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Defining the world as curriculum means we must move about and navigate the world, and see it as full of opportunities for teaching and learning. Often, I ask teachers to take a walk across any landscape and describe what they see. How can the people, places, lands, objects, animals, and things around them become ideas for teaching and learning? For example, if you were to see a beautiful historic tree with striking buttress roots pushing up from the ground and interweaving with the soil and the trunk, what ideas for teaching and learning might come to mind?
I ask teachers and other developers of curriculum:
- What music and other sounds, paintings, and other visuals, digital creations, and so on do you see and feel? (Art)
- What language, writing, and metaphors do you see and feel? (English Language Arts)
- What examples of fitness and wellness do you see and feel? (Health and Physical Education)
- What representations of numbers, quantities, and space do you see and feel? (Mathematics)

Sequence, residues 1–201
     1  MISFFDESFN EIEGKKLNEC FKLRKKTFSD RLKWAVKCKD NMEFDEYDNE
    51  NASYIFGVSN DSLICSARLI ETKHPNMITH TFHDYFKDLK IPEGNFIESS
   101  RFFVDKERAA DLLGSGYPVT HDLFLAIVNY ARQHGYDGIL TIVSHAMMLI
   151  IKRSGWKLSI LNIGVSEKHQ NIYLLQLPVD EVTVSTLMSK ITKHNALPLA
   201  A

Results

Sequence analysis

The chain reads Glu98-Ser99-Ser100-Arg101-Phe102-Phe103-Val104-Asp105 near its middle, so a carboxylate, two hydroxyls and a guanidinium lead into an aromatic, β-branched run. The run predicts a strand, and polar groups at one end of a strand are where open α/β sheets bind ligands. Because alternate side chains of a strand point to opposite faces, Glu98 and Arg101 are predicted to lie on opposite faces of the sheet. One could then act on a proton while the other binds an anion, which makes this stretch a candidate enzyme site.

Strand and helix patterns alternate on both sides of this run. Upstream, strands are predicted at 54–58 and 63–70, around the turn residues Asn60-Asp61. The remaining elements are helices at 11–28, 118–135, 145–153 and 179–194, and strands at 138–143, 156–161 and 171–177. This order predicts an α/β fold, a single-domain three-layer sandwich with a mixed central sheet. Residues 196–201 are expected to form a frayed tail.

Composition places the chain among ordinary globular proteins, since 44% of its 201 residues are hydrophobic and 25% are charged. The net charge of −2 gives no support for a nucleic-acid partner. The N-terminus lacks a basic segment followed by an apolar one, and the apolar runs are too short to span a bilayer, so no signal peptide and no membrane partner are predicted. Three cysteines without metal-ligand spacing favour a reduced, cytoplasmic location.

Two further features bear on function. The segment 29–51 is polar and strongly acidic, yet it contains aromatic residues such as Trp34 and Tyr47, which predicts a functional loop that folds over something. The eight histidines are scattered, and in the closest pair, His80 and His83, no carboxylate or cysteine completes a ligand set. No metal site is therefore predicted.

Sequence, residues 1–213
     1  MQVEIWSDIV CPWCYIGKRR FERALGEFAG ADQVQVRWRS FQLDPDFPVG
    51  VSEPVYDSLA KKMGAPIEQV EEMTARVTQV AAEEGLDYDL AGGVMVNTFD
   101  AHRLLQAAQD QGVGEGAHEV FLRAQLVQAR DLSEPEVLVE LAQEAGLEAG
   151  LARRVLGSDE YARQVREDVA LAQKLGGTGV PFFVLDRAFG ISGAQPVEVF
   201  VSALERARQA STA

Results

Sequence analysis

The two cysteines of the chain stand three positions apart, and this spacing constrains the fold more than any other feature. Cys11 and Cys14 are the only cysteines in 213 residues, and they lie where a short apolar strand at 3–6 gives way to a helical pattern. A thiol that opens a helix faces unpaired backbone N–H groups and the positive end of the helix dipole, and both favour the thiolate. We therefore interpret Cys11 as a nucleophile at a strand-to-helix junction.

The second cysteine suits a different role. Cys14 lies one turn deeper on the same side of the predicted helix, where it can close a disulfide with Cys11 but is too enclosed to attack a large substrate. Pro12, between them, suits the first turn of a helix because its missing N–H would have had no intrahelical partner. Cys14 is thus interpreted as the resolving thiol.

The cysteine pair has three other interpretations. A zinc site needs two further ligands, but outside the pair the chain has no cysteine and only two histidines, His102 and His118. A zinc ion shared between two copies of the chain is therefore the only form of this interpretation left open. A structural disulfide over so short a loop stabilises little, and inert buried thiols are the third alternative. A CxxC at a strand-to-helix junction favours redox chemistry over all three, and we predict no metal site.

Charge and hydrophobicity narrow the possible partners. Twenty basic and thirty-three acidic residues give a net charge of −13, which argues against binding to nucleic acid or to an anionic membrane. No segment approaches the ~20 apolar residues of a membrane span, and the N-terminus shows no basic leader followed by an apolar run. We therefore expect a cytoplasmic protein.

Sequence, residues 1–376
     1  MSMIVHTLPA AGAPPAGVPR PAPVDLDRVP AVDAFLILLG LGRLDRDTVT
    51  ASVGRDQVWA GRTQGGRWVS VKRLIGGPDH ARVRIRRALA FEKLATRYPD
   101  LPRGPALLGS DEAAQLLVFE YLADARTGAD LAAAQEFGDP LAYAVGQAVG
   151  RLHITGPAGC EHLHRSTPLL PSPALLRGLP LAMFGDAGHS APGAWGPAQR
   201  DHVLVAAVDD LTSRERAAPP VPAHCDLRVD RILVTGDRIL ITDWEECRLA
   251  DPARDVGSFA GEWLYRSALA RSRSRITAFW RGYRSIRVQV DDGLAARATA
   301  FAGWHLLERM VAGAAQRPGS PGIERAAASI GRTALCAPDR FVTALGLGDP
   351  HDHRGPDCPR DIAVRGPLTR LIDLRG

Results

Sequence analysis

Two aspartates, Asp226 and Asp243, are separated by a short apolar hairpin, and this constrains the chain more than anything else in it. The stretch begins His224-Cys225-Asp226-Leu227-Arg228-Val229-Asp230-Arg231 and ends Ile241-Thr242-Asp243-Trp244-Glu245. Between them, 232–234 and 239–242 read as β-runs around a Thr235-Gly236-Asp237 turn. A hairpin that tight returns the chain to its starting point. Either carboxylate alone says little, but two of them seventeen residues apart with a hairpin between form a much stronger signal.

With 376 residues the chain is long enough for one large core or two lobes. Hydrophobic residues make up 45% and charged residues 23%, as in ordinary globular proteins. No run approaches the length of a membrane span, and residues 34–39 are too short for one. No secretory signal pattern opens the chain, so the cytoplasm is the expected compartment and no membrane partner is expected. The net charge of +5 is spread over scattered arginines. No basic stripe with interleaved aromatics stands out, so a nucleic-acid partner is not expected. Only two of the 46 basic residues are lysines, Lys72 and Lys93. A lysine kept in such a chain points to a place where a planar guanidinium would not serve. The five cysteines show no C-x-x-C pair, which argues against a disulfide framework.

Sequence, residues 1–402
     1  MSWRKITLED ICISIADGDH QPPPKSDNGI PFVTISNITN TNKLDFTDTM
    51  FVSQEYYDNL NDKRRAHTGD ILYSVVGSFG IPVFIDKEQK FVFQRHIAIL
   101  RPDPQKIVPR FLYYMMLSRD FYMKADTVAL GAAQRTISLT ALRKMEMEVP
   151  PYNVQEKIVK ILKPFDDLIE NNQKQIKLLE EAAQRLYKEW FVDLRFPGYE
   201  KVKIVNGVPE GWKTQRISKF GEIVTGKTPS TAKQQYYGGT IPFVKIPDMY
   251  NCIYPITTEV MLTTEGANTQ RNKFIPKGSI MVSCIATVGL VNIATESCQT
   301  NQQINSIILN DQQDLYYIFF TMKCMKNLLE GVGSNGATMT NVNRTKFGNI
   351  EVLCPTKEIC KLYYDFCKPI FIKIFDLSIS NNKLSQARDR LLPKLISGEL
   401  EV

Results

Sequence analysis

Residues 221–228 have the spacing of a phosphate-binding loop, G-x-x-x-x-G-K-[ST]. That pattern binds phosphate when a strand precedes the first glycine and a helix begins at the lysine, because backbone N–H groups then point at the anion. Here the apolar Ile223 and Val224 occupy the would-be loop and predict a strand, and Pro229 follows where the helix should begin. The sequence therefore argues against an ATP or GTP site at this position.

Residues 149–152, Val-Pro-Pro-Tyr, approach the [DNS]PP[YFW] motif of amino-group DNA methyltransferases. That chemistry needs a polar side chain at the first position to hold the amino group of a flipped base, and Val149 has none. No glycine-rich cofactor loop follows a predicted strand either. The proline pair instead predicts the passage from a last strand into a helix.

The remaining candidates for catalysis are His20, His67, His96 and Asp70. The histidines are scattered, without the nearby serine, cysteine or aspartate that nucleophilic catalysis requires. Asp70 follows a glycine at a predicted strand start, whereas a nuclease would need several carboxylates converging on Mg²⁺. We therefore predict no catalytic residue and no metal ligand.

- What branches of knowledge and discovery do you see and feel? (Science)
- What histories and contemporary realities do you see and feel? (Social Studies)
Their responses become ideas to bring into the classroom. My goal is to cultivate curriculum fluency among teachers, meaning the ability to look at anything around them quickly and develop curriculum from it. Just as I want children to develop reading fluency, I want teachers to develop curriculum fluency to come up with ideas expeditiously and with excellence.
Curriculum as Stories and Storytelling
Curriculum defined as stories and storytelling relates to the worthwhile narratives of humanity. Reading, telling, and listening to diverse stories are key to learning in school. We must ask whose stories have been told and taught (and from whose perspectives) and whose stories have not. Stories have a special quality of helping children to (re)member. They can be both real and imagined, and joy is connected to both types. As a reading specialist, I often give diagnostic assessments and find that students typically score higher on comprehension measures when they read narrative passages or texts, compared to informational passages or texts. That may be partly due to the power of stories to linger in our short-term and long-term memories. Stories provide a context for and connection to human lives.